As we embark on the final leg on the western ride for NASCAR, it comes on a day where green is abundant among many, even if they are only Irish for one day. The meal, some excellent corned beef, some with a little extra kick of pepper, or a pepper crust to turn that corned beef into pastrami. On the side, some hearty potatoes, and a bland cabbage addition, something this young man isn’t a fan of.
It’s not often NASCAR actually races on a holiday, but the celebration of St. Patrick’s Day certainly will be abundant at Fontana this weekend.
But even before the race gets going, there’s a lot of controversy this weekend, particularly after Friday.
Remember when I said last week that qualifying would be critical with this package because it’s about positioning…I think I am officially eating my words. I am sorry, but seeing that qualifying session first bored me, then it burned me, and finally it got me irate. Seriously, WHAT WAS THAT?
No team wanting to go out on the track that final session, jockeying for the location to go out, and in the end…it ruined everyone’s opportunity.
That’s the first time I’ve heard fans give a chorus of boos for qualifying instead of a driver. No one was immune to giving an opinion, past drivers, announcers, current drivers…everyone had something to say about it, and now everyone is trying to come up with an idea of how to make qualifying better so that everyone did get a lap in at each round.
Jeff Gordon truthfully had the best idea, and I’m going to take it a step further. His idea for a rule change during each round is that if a car leaves it’s pit stall, it is required to go on track and make a lap. This waiting on pit road is a cat-and-mouse game that is absolutely ridiculous at this point. I understand the idea of not wanting to be the first driver to break a hole in the air, because that is slowing down speed for that driver. That first, second, and third driver in line has an advantage with the draft.
That game got played poorly and it cost every driver a chance in the final round to actually gain a spot, or a pole.
So, rather than go back to the single-car qualifying which is rather boring no matter the track, although giving every car a chance to show up on television to promote their sponsor, the simplest way to do this is tell drivers once they leave their pit, they must go on track. Now at certain points, depending on the track, it may not be safe to go right on the track to qualify. Look at a place like Martinsville or Richmond, where the pit road exit is right next to the line to race. Waiting to be clear at that point may be a good idea.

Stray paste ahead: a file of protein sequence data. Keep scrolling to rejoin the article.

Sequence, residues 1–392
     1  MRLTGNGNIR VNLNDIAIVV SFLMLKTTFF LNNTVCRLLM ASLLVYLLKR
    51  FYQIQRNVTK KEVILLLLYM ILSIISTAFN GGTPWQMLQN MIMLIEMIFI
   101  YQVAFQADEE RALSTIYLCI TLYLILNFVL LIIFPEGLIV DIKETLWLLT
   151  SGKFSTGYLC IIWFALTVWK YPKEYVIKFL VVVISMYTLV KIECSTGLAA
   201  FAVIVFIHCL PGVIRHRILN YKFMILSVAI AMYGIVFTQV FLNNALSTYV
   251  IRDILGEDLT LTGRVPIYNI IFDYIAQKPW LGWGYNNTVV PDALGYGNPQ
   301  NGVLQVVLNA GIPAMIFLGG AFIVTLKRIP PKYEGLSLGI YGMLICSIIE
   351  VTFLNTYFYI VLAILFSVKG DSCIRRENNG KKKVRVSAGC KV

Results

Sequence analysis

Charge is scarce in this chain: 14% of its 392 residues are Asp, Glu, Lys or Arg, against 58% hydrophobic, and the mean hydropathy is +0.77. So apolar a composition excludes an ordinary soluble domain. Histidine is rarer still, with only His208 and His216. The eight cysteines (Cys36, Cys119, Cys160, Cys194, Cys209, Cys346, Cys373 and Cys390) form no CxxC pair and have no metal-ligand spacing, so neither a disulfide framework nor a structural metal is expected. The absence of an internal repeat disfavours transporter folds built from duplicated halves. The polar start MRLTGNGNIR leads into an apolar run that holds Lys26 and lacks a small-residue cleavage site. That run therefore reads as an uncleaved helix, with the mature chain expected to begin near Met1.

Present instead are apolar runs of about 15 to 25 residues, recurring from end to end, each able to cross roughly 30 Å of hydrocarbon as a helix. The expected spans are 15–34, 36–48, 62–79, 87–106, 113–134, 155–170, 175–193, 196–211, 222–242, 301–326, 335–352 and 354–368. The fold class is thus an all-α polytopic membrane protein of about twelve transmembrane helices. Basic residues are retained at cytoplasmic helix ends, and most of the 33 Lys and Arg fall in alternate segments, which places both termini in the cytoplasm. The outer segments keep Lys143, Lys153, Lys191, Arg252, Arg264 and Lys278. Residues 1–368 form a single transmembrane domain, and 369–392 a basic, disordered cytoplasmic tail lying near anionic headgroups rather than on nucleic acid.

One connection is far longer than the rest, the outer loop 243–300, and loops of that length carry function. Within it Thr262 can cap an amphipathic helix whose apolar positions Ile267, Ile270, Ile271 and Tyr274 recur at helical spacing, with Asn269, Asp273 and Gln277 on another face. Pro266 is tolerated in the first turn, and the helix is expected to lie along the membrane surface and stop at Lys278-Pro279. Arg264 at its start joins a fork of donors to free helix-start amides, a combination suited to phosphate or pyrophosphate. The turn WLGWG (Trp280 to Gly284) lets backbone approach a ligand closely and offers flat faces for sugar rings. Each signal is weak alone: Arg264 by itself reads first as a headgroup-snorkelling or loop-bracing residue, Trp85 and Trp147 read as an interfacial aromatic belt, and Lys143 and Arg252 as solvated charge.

But you get to these places like Michigan, Texas, Pocono, where there’s so much room and so much time to get up to full speed, once you exit the stall, drivers must enter the racing surface. No gamesmanship, no trickery…leave stall, make a lap.
I’ll even go a step further with this, although it mainly applies to the final round more than say the first or second. A driver that elects to either not make a lap in the final round, or fails to cross the line to make their lap prior to the red and black flags, they will be given the lowest starting position of that round (12th if the final round, 24th if round tw0). Plus, if a driver doesn’t go on track after leaving their pit stall, outside of the driver feeling a mechanical failure or a tire failure, they must start at the back of the field.
NASCAR has admitted the qualifying session was a mockery, but what to do is not as easy as expected, and unfortunately, this sport is not as proactive as they want to be. I could see it coming, and now, it’s time to fix it.
So, that being said, we still have a race to get in at the Auto Club Speedway, and like has been the case, the focus in on No. 200 for No. 18. We know it’s coming, but if it comes today will be a challenge. We saw on Saturday that Kyle Busch isn’t immune to mistakes, at least his team isn’t immune to it. So that mark is waiting for today’s top tier series to be accomplished. At the same time, this place has been known to be one that fuel mileage will be the way to determine a winner.
Rowdy certainly can get the job done, but so can last year’s winner, Martin Truex Jr. Then there’s the California boys, like Kevin Harvick and Jimmie Johnson.
Is it clear who is winning today, not in any sense. But, it sure will be interesting to see how this new package will work on this big, wide, and fast facility.